Algebraic geometry -- at least for the purposes of this article -- is the geometric study of the solution sets of polynomial equations. Specifically, it speaks of a certain duality between $(n+1)$-variable polynomial equations and their $n$-dimensional solution sets, called **algebraic varieties**. We are interested in the precise nature of this duality, i.e.

- How "
**injective**" is it, i.e. when do two polynomials have the same solution space? - How "
**surjective**" is it, i.e. what sort of sets can be algebraic varieties?

In more general terms:

- for a set of polynomials $S$ we write their null set (the intersection of all their null sets) as $V(S)$
- for some set of points $U$ we write the ideal of polynomials whose null set contains it as $I(U)$.

Then we can formulate our previous two questions as:

- when is $S=I(V(S))$? (this is the
**Nullstellensatz problem**) - when is $U=V(I(U))$? (this has to do with the
**Zariski topology**)

We generally prefer to work over the complex numbers (and in fact something slightly more interesting than the complex numbers) in algebraic geometry, as the fundamental theorem of algebra makes things easier. However, we are often interested in looking at real or even rational/integer solutions (the latter marks the connection between algebraic geometry and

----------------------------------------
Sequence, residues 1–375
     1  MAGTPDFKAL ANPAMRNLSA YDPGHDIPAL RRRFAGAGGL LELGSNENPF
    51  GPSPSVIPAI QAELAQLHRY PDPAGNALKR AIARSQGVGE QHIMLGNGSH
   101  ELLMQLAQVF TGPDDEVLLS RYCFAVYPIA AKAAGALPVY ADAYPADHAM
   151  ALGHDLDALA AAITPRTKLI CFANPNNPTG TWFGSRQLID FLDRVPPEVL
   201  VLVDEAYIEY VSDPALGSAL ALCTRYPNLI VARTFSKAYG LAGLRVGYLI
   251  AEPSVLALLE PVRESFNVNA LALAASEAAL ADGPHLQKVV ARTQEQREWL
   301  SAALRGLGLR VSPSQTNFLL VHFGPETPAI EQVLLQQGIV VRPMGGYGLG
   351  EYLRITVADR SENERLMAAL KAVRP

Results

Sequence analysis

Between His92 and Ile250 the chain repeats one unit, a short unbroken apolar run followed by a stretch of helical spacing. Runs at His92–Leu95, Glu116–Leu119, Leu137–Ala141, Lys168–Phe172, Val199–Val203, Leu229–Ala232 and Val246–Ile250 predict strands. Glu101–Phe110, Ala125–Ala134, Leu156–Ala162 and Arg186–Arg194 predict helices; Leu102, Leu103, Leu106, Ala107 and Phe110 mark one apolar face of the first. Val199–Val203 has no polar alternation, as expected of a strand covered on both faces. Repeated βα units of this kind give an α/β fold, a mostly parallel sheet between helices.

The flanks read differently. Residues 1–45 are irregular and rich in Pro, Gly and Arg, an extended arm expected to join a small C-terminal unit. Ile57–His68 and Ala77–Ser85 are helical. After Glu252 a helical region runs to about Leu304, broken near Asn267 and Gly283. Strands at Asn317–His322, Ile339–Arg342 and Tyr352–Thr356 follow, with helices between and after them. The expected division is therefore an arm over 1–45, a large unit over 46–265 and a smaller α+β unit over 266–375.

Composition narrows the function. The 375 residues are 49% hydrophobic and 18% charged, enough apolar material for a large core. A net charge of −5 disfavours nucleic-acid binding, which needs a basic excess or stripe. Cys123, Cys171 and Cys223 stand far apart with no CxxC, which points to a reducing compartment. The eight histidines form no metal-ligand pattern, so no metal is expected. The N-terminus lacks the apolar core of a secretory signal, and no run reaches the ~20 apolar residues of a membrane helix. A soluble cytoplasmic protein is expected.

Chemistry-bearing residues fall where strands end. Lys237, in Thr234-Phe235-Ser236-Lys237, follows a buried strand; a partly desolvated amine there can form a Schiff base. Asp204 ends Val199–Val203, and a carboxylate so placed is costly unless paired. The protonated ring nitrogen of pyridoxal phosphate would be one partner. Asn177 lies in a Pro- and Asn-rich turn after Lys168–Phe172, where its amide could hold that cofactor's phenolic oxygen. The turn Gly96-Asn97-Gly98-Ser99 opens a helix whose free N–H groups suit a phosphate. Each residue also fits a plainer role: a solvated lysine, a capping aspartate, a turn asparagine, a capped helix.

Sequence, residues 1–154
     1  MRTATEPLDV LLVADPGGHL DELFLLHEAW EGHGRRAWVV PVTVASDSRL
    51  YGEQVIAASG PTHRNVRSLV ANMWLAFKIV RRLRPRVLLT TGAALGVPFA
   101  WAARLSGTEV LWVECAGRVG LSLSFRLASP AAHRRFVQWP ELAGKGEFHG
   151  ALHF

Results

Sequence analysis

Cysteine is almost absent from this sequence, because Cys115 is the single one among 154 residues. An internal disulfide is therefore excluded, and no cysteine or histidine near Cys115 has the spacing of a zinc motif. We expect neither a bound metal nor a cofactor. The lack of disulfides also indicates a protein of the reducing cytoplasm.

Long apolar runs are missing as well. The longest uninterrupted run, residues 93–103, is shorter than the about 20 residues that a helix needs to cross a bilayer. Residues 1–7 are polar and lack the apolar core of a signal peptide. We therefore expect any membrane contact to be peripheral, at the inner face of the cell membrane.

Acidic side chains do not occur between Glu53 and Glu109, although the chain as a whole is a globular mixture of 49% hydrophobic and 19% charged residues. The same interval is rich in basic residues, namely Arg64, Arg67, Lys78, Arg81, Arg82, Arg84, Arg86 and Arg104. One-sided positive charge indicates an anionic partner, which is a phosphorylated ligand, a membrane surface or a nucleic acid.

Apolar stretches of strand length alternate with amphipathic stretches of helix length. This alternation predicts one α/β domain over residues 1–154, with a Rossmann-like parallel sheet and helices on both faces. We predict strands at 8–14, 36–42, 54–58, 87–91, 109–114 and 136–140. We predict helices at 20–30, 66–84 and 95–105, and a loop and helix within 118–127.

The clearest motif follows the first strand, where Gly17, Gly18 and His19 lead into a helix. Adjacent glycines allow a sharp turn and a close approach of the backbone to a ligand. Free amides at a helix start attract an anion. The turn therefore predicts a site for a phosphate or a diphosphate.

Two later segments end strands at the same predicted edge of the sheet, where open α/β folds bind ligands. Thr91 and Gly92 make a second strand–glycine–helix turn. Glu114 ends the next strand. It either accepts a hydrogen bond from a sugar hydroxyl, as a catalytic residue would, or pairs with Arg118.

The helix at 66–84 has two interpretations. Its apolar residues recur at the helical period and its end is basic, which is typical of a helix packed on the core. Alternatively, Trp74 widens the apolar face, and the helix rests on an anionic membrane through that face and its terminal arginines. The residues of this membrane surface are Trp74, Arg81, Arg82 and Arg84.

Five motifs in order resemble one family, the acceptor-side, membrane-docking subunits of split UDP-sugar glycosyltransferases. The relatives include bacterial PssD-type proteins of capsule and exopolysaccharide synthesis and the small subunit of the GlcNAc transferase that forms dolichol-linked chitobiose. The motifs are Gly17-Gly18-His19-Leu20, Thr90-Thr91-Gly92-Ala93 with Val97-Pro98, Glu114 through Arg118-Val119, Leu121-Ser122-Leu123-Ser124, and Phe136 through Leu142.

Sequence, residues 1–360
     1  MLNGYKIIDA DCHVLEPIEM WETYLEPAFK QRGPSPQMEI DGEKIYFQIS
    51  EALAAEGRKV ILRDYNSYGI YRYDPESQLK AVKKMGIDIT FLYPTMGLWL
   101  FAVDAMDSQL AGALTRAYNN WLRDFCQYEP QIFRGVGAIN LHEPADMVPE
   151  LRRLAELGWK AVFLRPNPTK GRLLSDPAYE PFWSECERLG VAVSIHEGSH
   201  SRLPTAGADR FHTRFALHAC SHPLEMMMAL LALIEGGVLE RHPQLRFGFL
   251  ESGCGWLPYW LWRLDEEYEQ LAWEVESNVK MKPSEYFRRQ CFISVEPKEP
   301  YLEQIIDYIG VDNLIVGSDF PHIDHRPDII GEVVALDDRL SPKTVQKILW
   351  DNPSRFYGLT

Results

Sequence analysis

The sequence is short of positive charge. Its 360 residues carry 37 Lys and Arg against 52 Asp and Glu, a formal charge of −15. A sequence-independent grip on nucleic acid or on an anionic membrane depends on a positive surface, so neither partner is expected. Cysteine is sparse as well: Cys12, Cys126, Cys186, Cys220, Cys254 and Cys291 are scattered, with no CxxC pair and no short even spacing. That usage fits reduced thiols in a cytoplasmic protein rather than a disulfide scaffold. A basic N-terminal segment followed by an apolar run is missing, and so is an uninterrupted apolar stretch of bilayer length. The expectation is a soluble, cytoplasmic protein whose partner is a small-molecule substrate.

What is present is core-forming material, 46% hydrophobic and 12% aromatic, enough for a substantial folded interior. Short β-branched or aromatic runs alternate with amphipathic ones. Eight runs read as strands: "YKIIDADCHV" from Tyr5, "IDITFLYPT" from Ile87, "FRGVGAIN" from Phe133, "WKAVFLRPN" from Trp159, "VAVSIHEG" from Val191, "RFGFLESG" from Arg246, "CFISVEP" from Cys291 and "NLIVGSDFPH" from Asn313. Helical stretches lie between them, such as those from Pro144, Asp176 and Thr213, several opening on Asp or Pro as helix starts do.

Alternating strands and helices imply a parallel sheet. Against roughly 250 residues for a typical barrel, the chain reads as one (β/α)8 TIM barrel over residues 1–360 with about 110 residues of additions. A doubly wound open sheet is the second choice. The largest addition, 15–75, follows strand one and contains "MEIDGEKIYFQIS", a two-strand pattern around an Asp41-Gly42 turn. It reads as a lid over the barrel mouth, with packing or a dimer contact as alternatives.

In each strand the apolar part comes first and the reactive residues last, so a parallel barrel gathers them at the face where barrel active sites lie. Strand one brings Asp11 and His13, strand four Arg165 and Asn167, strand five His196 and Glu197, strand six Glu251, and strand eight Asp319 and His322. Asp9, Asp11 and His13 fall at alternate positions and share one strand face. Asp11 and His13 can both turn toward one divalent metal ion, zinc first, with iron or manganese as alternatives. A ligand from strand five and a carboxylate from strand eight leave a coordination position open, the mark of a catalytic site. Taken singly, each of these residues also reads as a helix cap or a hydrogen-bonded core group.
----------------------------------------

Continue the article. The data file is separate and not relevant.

**number theory**) to equations.**Definition (rational points):**Let $V\subseteq K$ be an algebraic variety and $K_0\le K$ be a subfield. Then $V\cap K_0$ is the set of

**$K_0$-rational points**of $V$.

**Exercise:**Find all the $\mathbb{Q}$-rational points of the equation ${x_1}^2+{x_2}^2=1$ [e.g. (3/5, 4/5, 1)] -- these correspond to the

*Pythagorean triples*, which are integers.

We can parameterize this variety (the unit circle) with rational functions using the parameter $t=\tan(\theta/2)$:

$$x(t)=\frac{1-t^2}{1+t^2};\,\,\,y(t)=\frac{2t}{1+t^2}$$

Since $t$ is the slope of the line connecting $(x,y)$ and (-1, 0), the rational points have a rational $t$, and since $(x,y)$ can be written as rational functions of $t$, rational $t$ give rise to rational points. Writing $t=u/v$, this leads to

$$x(t)=\frac{v^2-u^2}{v^2+u^2};\,\,\,y(t)=\frac{2uv}{u^2+v^2}$$

(Analogously, Fermat's last theorem is that the solution set of ${x_1}^n+{x_2}^n=1$ does

*not*have rational points.)
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